What makes British Virgin Islands a unique country to travel to?
The British Virgin Islands (BVI) is a British overseas territory, part of the British West Indies, lying about 60 miles east of Puerto Rico. There are about 50 islands in the BVI, many of which are uninhabited. Tortola is the main island, other islands include Virgin Gorda, Jost Van Dyke and Anegada. Tourist facilities are widely available.
Theft, armed robbery and other violent crimes do occur in the BVI. Visitors should take common-sense precautions to guard against petty crime. Travelers should avoid carrying large amounts of cash and use hotel safety deposit facilities to safeguard valuables and travel documents. Do not leave valuables unattended on the beach or in cars, and do not leave them in plain view inside rental properties or hotel rooms. Always lock up boats when going ashore.
Don’t buy counterfeit and pirated goods, even if they are widely available. Not only are the bootlegs illegal in the United States, you may be breaking local law too.
While you are traveling in the BVI, you are subject to its laws even if you are a U.S. citizen. Foreign laws and legal systems can be vastly different than our own. In some places you may be taken in for questioning if you don’t have your passport with you. In some places, it is illegal to take pictures of certain buildings. In some places driving under the influence could land you immediately in jail. These criminal penalties will vary from country to country. There are also some things that might be legal in the country you visit, but still illegal in the United States, and you can be prosecuted under U.S. law if you buy pirated goods. Engaging in sexual conduct with children or using or disseminating child pornography in a foreign country is a crime prosecutable in the United States. If you break local laws in the BVI,, your U.S. passport won’t help you avoid arrest or prosecution. It’s very important to know what’s legal and what’s not where you are going.
Persons violating BVI law, even unknowingly, may be expelled, arrested or imprisoned. Penalties for possession, use, or trafficking in illegal drugs in the BVI are severe, and convicted offenders can expect long jail sentences and heavy fines. Engaging in sexual conduct with children or using or disseminating child pornography in a foreign country is a crime, prosecutable in the United States. Please see our information on Criminal Penalties.
If you are arrested in the BVI, authorities of the BVI are required to notify the nearest U.S. embassy or consulate of your arrest. If you are concerned the Department of State may not be aware of your situation, you should request the police or prison officials to notify the nearest U.S. embassy or consulate of your arrest.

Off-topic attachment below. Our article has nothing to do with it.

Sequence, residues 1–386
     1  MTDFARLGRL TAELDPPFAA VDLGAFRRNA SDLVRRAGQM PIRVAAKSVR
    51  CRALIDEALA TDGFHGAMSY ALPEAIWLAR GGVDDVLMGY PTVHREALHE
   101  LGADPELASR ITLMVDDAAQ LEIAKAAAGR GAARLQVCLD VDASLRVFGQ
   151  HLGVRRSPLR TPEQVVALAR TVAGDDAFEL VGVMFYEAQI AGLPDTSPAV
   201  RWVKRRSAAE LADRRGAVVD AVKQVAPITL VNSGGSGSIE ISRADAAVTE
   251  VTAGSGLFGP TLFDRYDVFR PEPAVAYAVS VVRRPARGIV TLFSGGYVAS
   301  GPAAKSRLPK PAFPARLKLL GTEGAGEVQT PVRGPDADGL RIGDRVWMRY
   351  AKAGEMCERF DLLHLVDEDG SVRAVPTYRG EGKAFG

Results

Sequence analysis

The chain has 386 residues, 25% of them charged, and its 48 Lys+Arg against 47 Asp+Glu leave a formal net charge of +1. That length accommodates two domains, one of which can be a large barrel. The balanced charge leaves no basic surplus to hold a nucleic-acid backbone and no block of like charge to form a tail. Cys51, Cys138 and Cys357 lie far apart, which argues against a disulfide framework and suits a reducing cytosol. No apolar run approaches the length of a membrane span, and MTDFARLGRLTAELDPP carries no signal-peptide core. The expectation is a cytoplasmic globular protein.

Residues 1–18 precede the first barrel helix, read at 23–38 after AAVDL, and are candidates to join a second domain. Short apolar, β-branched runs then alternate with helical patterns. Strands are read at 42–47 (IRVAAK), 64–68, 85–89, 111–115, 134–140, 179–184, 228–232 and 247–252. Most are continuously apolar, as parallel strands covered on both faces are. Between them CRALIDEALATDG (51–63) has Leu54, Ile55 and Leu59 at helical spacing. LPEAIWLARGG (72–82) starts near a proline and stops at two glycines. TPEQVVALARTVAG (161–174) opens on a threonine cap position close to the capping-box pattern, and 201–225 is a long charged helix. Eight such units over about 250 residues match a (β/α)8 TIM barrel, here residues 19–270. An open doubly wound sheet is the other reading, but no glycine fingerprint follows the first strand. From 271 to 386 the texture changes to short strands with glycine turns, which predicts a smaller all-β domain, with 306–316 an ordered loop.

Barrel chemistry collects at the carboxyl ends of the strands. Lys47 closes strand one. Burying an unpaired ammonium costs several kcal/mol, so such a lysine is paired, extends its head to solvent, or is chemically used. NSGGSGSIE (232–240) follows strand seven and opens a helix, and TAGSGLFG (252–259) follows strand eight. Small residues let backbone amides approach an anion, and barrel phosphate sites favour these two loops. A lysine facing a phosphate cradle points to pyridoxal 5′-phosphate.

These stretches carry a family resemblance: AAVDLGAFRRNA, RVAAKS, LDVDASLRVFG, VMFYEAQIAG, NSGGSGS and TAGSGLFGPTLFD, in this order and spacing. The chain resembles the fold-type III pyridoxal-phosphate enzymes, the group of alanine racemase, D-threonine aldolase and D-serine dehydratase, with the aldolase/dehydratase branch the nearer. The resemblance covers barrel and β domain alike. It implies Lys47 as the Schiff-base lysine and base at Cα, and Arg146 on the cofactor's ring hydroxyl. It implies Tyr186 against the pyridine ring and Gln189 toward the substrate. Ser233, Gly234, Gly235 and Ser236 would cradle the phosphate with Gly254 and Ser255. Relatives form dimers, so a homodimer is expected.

Medical Facilities and Health Information
Medical care in the BVI consists of a small general hospital, Peebles Hospital (Telephone (284) 494-3497), with an emergency room staffed 24-hrs/day by physicians, several clinics on Tortola, and one public and one private clinic on Virgin Gorda. Both islands are served by ambulances staffed with paramedics. There is a clinic staffed by a government nurse on both Jost Van Dyke and Anegada. There are no medical facilities on the other islands. A volunteer organization, Virgin Islands Search and Rescue (VISAR), responds 24-hrs/day to medical emergencies at sea or on the outer islands. VISAR transports casualties to the nearest point for transfer to ambulance. To reach VISAR, dial SOS (767) or call on Marine Channel 16.
There is no hyperbaric chamber in the BVI. Patients requiring treatment for decompression illness are transferred to St. Thomas, U.S. Virgin Islands. Most sensitive medical cases are transferred to San Juan, Puerto Rico.
Traffic Safety and Road Conditions
While in a foreign country, U.S. citizens may encounter road conditions that differ significantly from those in the United States.The information below concerning the British Virgin Islands is provided for general reference only, and may not be totally accurate in a particular location or circumstance.
Vehicles drive on the left (the “British side”) with most steering wheels on the left (the “American side”). Seatbelts are required by law, and cell phone use while driving is prohibited. Road signs are limited and drivers often fail to yield the right-of-way to pedestrians, even at painted crosswalks. Speeding and reckless driving are fairly common in the BVI. Drivers can encounter nighttime drag racing on main thoroughfares and livestock on roads both day and night. Roads in Tortola's interior can be steep and extremely slippery when wet. Travelers planning to drive across the island should consider requesting four-wheel drive vehicles and should ensure that tires and brakes are in good operating condition on any rental vehicle.